Do we need to rethink speed limits on Victorian roads?
After a horror year on Victoria’s roads, RACV is calling for a review of speed limits.
RACV has called for an urgent review of speed limits across the state after a horror year saw 263 people lose their lives on Victorian roads last year.
The death toll was a shocking wake-up call for authorities after a fairly constant decline in road fatalities over several years.
Even before the year was out, the state government realised something had to be done. By early May the road toll was 50 per cent higher than for the same period in 2018 and worse was to come. It organised a road-safety summit, regional road-safety forums and finally, in July, announced a parliamentary inquiry.
RACV says in its submission to the inquiry that there is an urgent need to review speed limits across the state and especially in country Victoria, with about half the state’s fatal crashes involving country drivers on regional roads.
The submission also calls for more funding to improve safety infrastructure on major highways and other high-traffic roads, as well as decreasing fines for low-level speeding while forcing repeat speeding offenders to install speed limiters in their cars.
Emily McLean, RACV’s senior engineer of roads and traffic, says rethinking speed limits should start with low-traffic secondary roads with 100kmh speed limits.
“That’s where people are dying,” she says. “In many instances it’s just not possible to drive safely at 100kmh on these roads, yet they have the same speed limit as the Geelong Ring Road which is sealed, divided and with multiple lanes in each direction.”
Emily says there are simple and affordable measures that can help make Victorian roads safer. “In country areas, this means rumble strips on the edge of the lane to prevent run-off road crashes, sealed shoulders to allow time for a driver to recover if they do leave their lane, and wire-rope barriers along the centre and side of roads to prevent them hitting a tree, pole or another vehicle.”
But she says it is not viable to upgrade every section of the 180,000 kilometres of regional roads with 100kmh speed limits across the state.
“At the current rate of funding we estimate it would take over 1000 years to upgrade every road to an acceptable safety standard – or we could act immediately to make roads safer by reviewing speed limits.”
She says higher speed limits should only be applied when a road is safe enough to allow it. “We know people need to get around, and safe roads with higher speed limits are critical on important routes. But in other areas we need to review whether the speed limits are correct. Just because a road has always had a certain limit doesn’t mean it’s a safe speed for that road.”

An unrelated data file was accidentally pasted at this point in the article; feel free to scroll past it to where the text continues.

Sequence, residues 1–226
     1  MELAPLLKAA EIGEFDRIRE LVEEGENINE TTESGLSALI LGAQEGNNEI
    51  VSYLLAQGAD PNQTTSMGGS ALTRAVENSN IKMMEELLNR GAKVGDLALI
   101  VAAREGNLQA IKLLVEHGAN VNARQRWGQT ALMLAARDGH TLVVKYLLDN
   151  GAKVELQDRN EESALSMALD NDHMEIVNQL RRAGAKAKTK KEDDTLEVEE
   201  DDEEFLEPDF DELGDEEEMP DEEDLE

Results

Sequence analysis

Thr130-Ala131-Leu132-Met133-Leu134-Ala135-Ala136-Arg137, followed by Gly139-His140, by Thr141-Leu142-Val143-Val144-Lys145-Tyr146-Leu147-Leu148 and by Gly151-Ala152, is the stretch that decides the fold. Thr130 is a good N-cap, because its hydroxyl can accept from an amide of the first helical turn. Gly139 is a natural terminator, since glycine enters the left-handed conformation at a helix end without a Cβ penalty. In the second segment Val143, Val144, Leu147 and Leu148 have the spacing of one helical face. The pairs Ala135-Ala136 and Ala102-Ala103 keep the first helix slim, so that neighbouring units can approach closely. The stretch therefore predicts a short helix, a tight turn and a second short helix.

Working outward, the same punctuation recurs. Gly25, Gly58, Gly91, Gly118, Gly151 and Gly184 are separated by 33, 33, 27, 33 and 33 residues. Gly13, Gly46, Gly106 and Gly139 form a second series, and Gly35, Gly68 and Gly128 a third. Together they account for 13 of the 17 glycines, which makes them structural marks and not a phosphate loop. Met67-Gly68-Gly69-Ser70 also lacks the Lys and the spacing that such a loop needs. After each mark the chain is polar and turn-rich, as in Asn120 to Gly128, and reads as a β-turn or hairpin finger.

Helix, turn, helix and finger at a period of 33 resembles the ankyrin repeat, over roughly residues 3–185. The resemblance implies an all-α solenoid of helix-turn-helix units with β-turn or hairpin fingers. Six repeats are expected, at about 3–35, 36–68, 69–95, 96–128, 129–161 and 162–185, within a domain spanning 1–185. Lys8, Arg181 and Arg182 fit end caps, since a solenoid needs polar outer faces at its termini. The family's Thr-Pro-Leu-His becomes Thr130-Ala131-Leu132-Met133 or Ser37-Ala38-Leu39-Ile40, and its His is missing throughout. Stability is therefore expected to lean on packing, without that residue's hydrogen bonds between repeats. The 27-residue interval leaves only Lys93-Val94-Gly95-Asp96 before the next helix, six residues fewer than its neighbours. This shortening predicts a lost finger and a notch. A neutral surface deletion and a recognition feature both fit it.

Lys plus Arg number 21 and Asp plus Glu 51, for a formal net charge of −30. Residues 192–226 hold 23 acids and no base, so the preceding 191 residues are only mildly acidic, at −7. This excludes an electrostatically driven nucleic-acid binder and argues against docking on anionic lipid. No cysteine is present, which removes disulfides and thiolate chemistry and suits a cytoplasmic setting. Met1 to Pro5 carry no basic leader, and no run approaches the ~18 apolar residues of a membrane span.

Although reviewing speed limits is likely to reduce the number and severity of crashes, it is only part of the solution to saving lives on Victorian roads.
As the road toll began its upward spiral last year, the government brought together Victoria Police, the Transport Accident Commission, VicRoads (now the Department of Transport), RACV and other road experts to look at possible causes. It sent road experts to country Victoria, where locals were dying on local roads, and held eight regional community forums across the state.
The road-safety specialists all found that drugs and alcohol, driver distraction, the use of smart phones, speed, road standards and driver attitude had an impact.
“We think we can go a little bit faster, quickly check a map on the phone, have a little bit to drink, and that [a crash] won’t happen to us,” says Emily. “But it does happen to ordinary people every day.”
RACV's senior manager of transport, planning and infrastructure Peter Kartsidimas says distraction is a significant road-safety risk which has been identified as a factor in at least 16 per cent of serious crashes on Australian roads.
“Given that handheld mobile-phone use has been shown to significantly increase drivers’ crash risk and is labelled as a high-risk interaction, RACV is encouraging the government to pilot and implement mobile-phone detection cameras to deter driver distraction as a result of mobile-phone use,” he says.
This technology is already in place across New South Wales, he says, and RACV believes Victorians would benefit from the introduction of similar technology on our roads.
Peter says apart from rethinking speed limits, authorities needed to reconsider how they deal with lead-foot offenders.
“RACV believes the demerit points system in Victoria should be reviewed in light of reforms a number of years ago in South Australia that resulted in the fine for low-level speeding being decreased from $260 to $155, and the demerit points being increased from one to two points for each offence,” Peter says.
This, he says, sends a clear message to the community that speed enforcement is about safety and not revenue raising, while reinforcing that any speed above the posted speed limit is unacceptable.
Repeat speeding offenders should be slowed down by having speed-limiting technology devices fitted to their cars as well undergoing behavioural programs, he says.
This technology has been successful overseas and the European Commission, the executive arm of the European Union, is making the devices mandatory for all newly manufactured light vehicles starting in 2022, he says.